The plan is to pri­or­i­tize debtors who are still in busi­ness and whose debt is new, and to chase them ac­tively. For this, a spe­cial unit needs to be or­ga­nized within the tax of­fice.

Staff short­ages are part of the prob­lem. In Ukraine, only 4 per­cent of tax of­fi­cials are ded­i­cated to debt so­lic­it­ing, com­pared to 13 per­cent in other de­vel­oped coun­tries. Op­ti­miz­ing other op­er­a­tions could free up em­ploy­ees needed for the debt so­lic­it­ing unit.

Peo­ple are key

New staff will be the cor­ner­stone of the re­form. To­day, the tax of­fice is so dis­trusted by the pub­lic that it both re­pulses tax­pay­ers and feeds cor­rup­tion.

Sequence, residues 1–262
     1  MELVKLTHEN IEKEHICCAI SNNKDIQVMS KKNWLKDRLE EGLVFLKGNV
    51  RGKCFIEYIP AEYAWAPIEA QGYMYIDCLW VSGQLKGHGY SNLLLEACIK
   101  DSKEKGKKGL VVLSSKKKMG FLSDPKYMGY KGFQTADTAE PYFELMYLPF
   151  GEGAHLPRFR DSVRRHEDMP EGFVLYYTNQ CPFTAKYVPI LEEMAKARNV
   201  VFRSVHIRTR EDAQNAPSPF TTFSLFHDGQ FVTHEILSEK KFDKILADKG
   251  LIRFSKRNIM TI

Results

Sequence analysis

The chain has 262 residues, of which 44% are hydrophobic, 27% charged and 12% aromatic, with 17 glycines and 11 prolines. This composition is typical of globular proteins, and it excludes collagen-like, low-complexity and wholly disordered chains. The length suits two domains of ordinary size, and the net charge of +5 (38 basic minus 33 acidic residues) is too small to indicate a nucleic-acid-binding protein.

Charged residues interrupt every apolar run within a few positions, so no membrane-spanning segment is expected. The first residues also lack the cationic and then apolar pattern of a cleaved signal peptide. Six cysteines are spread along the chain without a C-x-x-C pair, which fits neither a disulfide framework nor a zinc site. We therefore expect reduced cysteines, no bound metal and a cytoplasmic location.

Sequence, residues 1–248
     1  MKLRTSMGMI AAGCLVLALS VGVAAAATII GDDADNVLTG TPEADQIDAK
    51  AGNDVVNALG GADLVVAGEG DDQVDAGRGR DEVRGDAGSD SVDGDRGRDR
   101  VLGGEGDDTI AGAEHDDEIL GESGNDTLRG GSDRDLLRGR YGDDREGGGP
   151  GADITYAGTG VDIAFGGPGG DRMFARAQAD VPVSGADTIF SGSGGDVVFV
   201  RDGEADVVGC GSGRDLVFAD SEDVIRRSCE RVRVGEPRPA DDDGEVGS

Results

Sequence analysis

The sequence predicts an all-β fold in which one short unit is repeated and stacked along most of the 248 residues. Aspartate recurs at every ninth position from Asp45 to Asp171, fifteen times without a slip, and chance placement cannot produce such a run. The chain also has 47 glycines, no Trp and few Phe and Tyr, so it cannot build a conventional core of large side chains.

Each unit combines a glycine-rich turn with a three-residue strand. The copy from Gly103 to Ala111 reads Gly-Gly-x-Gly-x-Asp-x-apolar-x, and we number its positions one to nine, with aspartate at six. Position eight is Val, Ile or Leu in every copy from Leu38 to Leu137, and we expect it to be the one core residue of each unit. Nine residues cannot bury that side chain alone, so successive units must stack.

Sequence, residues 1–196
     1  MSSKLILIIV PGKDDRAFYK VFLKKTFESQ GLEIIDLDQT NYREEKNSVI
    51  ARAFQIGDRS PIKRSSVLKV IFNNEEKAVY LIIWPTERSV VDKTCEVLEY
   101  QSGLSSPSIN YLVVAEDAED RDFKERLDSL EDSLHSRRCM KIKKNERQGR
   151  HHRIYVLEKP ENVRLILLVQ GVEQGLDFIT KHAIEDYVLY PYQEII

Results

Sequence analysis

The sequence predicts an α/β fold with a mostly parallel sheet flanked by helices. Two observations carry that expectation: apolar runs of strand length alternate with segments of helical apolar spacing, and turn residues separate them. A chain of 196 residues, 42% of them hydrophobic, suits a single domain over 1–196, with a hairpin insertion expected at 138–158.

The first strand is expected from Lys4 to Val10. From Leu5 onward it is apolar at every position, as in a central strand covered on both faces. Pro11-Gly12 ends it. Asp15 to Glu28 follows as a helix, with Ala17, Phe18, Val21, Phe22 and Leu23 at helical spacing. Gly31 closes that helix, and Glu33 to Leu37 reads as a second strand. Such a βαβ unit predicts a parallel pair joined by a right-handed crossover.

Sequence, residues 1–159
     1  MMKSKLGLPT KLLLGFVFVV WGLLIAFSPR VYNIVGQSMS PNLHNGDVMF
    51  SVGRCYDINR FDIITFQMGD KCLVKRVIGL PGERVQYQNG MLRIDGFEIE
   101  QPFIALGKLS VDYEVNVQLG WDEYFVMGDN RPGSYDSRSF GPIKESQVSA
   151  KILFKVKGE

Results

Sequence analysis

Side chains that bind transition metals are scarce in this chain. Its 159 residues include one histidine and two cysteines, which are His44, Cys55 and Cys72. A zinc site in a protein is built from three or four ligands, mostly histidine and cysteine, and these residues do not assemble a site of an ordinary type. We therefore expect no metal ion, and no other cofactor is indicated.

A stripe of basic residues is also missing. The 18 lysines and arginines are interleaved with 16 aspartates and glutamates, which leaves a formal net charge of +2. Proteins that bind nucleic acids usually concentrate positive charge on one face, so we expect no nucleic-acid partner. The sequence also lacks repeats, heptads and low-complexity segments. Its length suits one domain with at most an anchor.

Bu­g­ri­mova be­lieves that re­plac­ing the key em­ploy­ees with new peo­ple through trans­par­ent com­pe­ti­tions will change the cul­ture of the tax of­fice. But it won’t be easy.

“There is re­sis­tance to the re­form com­ing from all the po­lit­i­cal forces,” Bu­g­ri­mova says. “It could be be­cause some peo­ple paid to be ap­pointed to cer­tain po­si­tions and don’t want to lose them.”

With po­lit­i­cal elites not par­tic­u­larly fond of fis­cal re­form, the best hope is for the IMF to fi­nally put it high on their agenda. While the re­form has been a struc­tural bench­mark for the IMF, it’s never been as high a pri­or­ity as other is­sues.

That taken into ac­count, the re­form of the Fis­cal Ser­vice will take at least three to four years.

“There is enough work here for us and for sev­eral gov­ern­ments to come,” says Bu­g­ri­mova.

Yana Bu­g­ri­mova, ad­vi­sor to the fi­nance min­is­ter, be­lieves that the re­form of the State Fis­cal Ser­vice will take at least three to four years. (Oleg Pe­tra­siuk)